Viral Transplants from Feces Can Aid Obesity and Diabetes, Study Shows

Obesity increases the risk of a person suffering from Type 2 diabetes and other disorders. Researchers at the University of Copenhagen have shown that viruses from poo might be helpful to individuals affected.



In the new study, scientists were able to drastically reduce weight gain and prevent Type 2 diabetes in obese mice using viruses from the feces of their healthier counterparts. They made use of bacteriophages, which are viruses that constitute a threat to bacteria rather than to humans.

The study, which was sponsored by the Danish Council for Independent Research, showed effects of the treatment after at least six weeks. Its findings appeared in the journal Gut.

Feces for treatment

This study was not the first to show the potential of poo for the treatment of disorders.

Fecal transplants are increasingly being used for the treatment of certain types of patients. They are particularly employed for combating Clostridioides difficile, a bacterium that causes a severe form of diarrhea in humans.

This form of transplantation is also known as a fecal microbiota transplant. It involves moving some microorganisms from the gut of a healthy donor to the gut of a sick person.

Scientists studied what effects this type of transplants can have on obese mice in this research.

They used a technique called Fecal Virome Transplantation. This focuses specifically on using viruses for treatment.

Fecal transplants in obese mice

The Danish researchers obtained feces of lean mice that were fed a standard diet with a low amount of fat. They filtered these materials to derive virus particles, which were transplanted into mice on a high-fat diet using a tube.

The latter group of animals had been on high-fat diets for six weeks before the transplantation. They maintained the diet for an additional six weeks before being examined by the scientists.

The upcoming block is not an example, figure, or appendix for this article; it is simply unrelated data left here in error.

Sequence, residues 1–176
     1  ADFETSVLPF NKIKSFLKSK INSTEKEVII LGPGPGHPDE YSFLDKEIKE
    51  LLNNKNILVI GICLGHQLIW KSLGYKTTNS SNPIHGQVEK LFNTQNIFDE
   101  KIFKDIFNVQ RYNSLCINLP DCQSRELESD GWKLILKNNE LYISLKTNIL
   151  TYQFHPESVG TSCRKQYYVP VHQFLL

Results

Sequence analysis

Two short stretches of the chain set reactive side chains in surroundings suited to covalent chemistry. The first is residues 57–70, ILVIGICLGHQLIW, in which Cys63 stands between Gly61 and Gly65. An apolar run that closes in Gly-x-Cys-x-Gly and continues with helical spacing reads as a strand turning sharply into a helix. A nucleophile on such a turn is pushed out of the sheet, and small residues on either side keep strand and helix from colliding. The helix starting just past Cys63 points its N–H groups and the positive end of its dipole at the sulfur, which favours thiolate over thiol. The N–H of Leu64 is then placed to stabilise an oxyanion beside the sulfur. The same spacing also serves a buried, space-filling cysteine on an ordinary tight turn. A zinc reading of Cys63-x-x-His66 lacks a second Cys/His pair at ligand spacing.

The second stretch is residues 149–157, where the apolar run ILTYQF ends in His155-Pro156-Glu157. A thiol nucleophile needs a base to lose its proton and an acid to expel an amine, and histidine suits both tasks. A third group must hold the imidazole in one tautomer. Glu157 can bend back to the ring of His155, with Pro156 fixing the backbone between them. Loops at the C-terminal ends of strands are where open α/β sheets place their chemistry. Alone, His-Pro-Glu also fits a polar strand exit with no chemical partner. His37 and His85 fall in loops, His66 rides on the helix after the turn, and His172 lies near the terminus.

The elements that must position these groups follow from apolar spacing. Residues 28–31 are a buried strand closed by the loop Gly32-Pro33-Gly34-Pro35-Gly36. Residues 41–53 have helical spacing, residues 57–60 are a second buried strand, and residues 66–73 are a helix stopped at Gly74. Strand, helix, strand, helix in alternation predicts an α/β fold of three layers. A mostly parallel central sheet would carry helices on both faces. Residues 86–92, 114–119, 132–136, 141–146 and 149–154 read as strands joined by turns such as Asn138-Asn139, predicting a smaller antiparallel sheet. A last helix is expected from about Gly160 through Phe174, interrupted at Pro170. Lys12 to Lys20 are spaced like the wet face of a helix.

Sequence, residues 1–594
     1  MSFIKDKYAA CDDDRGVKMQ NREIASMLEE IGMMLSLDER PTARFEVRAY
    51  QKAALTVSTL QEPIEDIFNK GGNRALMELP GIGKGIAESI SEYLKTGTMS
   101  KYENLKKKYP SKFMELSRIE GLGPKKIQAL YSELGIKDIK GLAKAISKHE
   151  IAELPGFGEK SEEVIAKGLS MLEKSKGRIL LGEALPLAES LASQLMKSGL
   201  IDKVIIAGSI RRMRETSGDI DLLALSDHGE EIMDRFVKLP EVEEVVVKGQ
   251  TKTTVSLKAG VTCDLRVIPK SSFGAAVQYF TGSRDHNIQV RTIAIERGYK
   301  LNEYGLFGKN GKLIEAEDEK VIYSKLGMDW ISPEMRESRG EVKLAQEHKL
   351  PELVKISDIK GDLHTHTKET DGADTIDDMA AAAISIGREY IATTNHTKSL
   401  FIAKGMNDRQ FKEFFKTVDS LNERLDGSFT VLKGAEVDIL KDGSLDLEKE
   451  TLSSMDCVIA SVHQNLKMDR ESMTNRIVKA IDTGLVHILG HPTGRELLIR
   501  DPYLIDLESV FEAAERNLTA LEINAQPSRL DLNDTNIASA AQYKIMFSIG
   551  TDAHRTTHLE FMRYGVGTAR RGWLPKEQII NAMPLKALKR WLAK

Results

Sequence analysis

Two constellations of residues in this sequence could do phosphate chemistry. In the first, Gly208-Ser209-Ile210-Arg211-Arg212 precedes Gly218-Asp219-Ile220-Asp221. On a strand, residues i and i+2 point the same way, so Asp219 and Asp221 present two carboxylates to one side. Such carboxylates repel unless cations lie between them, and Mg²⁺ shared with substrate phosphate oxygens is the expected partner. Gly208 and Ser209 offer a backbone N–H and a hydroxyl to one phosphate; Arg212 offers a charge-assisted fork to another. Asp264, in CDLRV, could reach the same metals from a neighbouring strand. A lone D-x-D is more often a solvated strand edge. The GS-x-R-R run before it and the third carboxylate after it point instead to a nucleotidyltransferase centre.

The team observed that the obese mice showed significantly reduced weight gain after receiving the viral transplants. This was in comparison to animals that did not receive the same.

In addition, the treatment proved helpful for reducing the risk of glucose intolerance characteristic of Type 2 diabetes. Experiments revealed that animals on high-fat diets reacted to a glucose injection the same way those on low-fat diets did.

Type 2 diabetes normally reduces the ability of the body to absorb and use sugar in diet well.

Scientists believe that obesity and glucose intolerance are both results of imbalances in the gut microbiota. The amount and makeup of viruses in the gastrointestinal (GI) tract have been found to play a major role in maintaining balance.

“In the obese mice on high fat diet, that didn’t receive the virus transplant, we observed decreased glucose tolerance, which is a precursor of diabetes,” said the study’s first author Torben Sølbeck Rasmussen, a Ph.D. student. “Thus, we have influenced the gut microbiome in such a way that the mice with unhealthy lifestyles do not develop some of the common diseases triggered by poor diet.”

The approach will need to be combined with dietary changes, the researchers said. It will also not be recommended for all obesity cases, but only for the more severe conditions.

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Senior study author Dennis Sandris Nielsen of the Department of Food Science at the University of Copenhagen said a long-term poor diet leads to gut imbalance. The Professor with Special Responsibilities (MSO) stated that their findings show balance can be restored by “shooting missing virus particles back into the system.”

No bacteria for transplantation

The research team took care to emphasize that this method uses only viruses in feces and no bacteria for transplants. This is a departure from the approach that has gained ground in recent years.

Poo is often transplanted without filtering out bacteria. The idea behind this is that gut bacteria are most potent for treatment. However, this has led to an accidental transmission of diseases in some cases – even to death.

“Our study demonstrates that there is an effect after the live bacteria have been filtered from stool,” Sandris Nielsen said. “Therefore, primarily virus particles are transmitted. This makes the method safer.”

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The scientists said the mice study was the first step. According to them, their findings suggest that testing the method in humans will be worthwhile and that comes next. They hope further trials would lead to the identification of more potent, safer bacteriophages.

However, the scientists think it would take several years before the method would become available to patients.




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